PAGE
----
On the other side, efforts must be made to see that your customers pay you in a timely manner. You may want to think about instituting some sort of reminder system if you don’t have one, or possibly even attach your own late fees to their bills if payment is not coming in on time. It is also possible to offer incentives for paying early.
Overall, it is likely that no one action is going to be enough to solve serious cash flow issues. And it is impossible to get a firm grasp on it as a whole without looking deeper into the actual numbers of your business. By being proactive, though, I am certain there are things you can be doing to improve the situation. If this is something you would be interested in delving into, please let us know. Putting in the time now to make positive changes will make much of your future time feel more positive.
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As I write this on Monday, it appears that President Trump’s and the Senates Republicans’ attempts to repeal (and potentially replace) Obamacare have failed. By the time you read this, though, that may certainly change. For if there is one thing this story has taught us, it is that there is little one can count on during contentious political times.
Heck, it’s not like passing the Affordable Care Act was an easy thing even when the Democrats were in power during (slightly) less contentious times.
Getting into the political debate over the issue is not necessary or proper for this spot. If you want blogs that do that, you can find enough of them to keep you occupied until … well forever most likely as it is not likely this battle is end sanytime soon. From the moment Trump was elected, though, questions abounded as to how one’s tax picture would change if our country’s current health care plan went away.
Those questions were plentiful, and possible answers to those questions were probably more plentiful. Note though that they were only possible answers at the time and seem ever less likely to be possible the longer it takes for this saga to play out. It is impossible to say that prognostication plays no part in the financial world (the stock market is run by it in some way, after all), but it really should only go so far.
After all, if anyone made any significant changes because they were certain changes were coming in their company’s obligations concerning health insurance, they are hurting now as they roll back some numbers to what they were before any of this predicting began.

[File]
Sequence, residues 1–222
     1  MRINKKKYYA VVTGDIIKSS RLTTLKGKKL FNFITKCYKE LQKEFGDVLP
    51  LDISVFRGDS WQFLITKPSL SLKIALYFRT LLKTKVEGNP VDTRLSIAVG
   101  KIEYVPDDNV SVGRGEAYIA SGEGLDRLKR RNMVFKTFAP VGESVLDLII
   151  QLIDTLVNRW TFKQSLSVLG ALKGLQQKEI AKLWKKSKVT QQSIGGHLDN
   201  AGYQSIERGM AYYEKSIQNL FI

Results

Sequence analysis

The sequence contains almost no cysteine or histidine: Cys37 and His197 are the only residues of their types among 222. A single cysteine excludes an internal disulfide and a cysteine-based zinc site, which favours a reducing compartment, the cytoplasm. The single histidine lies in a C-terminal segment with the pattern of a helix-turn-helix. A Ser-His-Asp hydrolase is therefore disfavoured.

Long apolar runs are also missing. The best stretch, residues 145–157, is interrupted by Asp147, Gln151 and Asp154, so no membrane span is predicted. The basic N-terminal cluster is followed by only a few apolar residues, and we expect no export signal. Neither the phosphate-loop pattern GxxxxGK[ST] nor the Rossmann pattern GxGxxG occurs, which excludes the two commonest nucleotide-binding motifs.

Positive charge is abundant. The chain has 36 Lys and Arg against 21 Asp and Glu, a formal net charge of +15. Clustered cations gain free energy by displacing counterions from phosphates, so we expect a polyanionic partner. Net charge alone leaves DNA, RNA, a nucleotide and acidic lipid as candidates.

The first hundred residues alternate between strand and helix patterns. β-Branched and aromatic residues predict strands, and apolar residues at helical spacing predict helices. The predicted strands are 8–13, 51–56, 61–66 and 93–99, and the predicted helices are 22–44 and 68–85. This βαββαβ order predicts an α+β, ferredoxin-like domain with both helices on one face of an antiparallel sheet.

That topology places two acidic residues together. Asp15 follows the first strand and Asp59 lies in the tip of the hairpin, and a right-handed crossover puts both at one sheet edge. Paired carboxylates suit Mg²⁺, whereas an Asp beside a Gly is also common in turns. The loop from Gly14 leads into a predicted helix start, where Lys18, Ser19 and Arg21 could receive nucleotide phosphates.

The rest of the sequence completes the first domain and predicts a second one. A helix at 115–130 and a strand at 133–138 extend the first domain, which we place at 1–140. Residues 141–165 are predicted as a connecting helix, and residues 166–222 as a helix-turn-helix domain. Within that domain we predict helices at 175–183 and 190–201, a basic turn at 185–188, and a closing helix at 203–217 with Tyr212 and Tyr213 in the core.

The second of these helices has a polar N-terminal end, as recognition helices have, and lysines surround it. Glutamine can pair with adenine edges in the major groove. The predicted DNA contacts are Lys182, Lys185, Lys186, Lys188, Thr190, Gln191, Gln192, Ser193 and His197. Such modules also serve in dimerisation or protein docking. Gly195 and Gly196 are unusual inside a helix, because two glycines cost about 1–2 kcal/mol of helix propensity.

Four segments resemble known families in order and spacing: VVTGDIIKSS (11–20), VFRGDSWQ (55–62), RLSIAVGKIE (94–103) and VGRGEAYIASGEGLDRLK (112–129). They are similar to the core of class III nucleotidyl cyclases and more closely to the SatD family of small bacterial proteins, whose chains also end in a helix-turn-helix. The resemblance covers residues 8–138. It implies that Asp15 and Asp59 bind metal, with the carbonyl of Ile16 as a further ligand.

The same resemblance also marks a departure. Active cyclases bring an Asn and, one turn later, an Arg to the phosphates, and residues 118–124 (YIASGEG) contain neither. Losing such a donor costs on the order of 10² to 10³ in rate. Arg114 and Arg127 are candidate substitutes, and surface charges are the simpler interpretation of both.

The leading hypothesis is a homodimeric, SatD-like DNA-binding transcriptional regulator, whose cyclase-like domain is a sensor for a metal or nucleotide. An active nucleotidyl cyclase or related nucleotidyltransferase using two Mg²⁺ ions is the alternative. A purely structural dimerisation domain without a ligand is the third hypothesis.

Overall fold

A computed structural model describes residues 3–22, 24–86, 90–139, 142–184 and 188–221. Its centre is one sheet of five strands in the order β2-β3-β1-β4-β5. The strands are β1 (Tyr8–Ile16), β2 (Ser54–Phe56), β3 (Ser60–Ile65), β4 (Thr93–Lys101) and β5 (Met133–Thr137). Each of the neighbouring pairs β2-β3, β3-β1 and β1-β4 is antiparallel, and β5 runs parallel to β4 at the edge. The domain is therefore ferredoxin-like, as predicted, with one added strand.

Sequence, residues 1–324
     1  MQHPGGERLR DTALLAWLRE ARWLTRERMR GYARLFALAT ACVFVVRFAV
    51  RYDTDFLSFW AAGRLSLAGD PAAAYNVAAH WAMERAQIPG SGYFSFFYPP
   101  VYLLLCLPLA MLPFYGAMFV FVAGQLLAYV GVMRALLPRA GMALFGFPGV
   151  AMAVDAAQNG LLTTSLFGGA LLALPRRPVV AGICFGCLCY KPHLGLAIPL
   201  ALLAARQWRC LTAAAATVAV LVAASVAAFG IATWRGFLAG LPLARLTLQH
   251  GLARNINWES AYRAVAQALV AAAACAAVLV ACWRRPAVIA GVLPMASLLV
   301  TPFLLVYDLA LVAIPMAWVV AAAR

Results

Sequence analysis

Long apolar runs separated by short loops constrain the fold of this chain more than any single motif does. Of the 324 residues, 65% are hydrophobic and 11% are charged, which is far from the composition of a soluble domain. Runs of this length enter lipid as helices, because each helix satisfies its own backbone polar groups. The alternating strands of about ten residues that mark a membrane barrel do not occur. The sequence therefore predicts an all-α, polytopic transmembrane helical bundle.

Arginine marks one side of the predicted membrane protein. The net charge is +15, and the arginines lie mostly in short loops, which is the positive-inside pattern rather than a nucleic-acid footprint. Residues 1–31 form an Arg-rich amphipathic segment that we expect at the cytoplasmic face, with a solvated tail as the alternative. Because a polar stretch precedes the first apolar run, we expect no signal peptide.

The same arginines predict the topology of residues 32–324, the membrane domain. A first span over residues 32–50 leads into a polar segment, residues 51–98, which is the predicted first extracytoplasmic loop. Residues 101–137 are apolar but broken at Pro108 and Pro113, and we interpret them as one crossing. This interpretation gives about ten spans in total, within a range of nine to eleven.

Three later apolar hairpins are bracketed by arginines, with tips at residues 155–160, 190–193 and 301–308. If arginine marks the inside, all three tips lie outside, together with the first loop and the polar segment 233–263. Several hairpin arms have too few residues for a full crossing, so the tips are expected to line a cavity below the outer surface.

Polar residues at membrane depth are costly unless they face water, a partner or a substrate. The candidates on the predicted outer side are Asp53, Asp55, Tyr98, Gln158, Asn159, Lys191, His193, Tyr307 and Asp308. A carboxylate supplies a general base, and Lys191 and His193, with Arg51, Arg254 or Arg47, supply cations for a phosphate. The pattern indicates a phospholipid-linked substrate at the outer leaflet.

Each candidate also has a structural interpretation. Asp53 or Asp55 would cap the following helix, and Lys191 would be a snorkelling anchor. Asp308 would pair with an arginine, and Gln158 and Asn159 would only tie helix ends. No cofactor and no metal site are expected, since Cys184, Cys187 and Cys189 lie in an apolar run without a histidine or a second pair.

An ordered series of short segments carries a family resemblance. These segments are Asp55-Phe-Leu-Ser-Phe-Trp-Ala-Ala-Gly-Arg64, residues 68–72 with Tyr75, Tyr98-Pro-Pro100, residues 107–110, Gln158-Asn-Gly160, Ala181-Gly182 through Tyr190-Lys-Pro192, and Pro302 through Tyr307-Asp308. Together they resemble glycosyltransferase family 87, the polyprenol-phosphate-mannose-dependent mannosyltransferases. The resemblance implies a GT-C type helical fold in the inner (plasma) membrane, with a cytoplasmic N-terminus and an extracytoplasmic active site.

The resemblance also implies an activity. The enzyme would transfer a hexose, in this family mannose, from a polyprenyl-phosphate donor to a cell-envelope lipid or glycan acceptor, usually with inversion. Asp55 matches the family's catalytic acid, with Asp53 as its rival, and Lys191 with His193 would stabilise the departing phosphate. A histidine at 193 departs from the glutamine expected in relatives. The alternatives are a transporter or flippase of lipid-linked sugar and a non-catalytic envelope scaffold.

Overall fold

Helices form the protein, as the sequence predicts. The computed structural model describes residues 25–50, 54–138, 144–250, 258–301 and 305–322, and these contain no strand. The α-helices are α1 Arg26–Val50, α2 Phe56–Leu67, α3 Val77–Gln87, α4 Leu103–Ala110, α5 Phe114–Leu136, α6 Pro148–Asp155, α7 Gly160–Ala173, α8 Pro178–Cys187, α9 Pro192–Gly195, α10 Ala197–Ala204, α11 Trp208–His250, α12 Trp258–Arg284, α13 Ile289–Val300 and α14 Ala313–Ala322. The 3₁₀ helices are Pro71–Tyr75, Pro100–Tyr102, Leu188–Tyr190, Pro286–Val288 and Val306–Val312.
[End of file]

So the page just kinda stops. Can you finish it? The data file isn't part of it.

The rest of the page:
In here are many lessons …
First, work only from the numbers that are definite in your reporting. I have warned against fudging such things in an optimistic way before, for no matter how glass half-full you want to be, dealing with real numbers is what will allow you to get to the point where you can feel great because things are actually great.
Second, just as you have to work with real numbers, you have to work with real situations. If things happen in the political realm that suddenly improve your situation, celebrate that bonus when it happens. Counting on serendipity, however, is not sound financial advice.
Third, understand the timing of the political world. Things felt like they were going to completely change when Trump was elected, as it symbolized a great new world for some and a feared new world for others. Both sides, however, would now have to admit that whatever hopes or horrors they saw coming did not come to pass as quickly as felt possible at the moment. One must look to the future to be successful, but dealing with the present takes precedence.
Finally, try to keep your political views separate from your financial ones. You may wish that things were different than they are, but those wishes will not change your legal obligations. Be active in the political world if there is change you want to help enact, but concede that you must operate in the world as it now is.
There are so many twists and turns along the way in life that we can never really know how things are going to turn out, so let’s start by owning today.